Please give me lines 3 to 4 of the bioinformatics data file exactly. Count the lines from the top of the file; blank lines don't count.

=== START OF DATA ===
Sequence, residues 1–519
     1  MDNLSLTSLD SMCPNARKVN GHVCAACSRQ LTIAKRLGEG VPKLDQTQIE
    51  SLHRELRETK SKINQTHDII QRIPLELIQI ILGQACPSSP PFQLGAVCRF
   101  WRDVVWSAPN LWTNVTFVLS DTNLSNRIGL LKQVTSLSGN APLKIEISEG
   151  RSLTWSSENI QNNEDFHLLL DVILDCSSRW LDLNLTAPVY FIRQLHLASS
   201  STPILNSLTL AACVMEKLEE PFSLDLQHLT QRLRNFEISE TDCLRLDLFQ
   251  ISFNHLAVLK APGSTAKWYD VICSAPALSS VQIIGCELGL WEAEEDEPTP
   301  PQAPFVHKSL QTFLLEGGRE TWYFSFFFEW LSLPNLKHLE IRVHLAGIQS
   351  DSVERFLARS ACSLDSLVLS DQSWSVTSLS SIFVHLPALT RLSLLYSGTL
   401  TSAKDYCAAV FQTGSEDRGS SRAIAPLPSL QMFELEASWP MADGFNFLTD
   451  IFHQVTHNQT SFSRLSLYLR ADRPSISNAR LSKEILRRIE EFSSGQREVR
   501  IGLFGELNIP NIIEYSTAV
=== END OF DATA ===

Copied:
    51  SLHRELRETK SKINQTHDII QRIPLELIQI ILGQACPSSP PFQLGAVCRF
   101  WRDVVWSAPN LWTNVTFVLS DTNLSNRIGL LKQVTSLSGN APLKIEISEG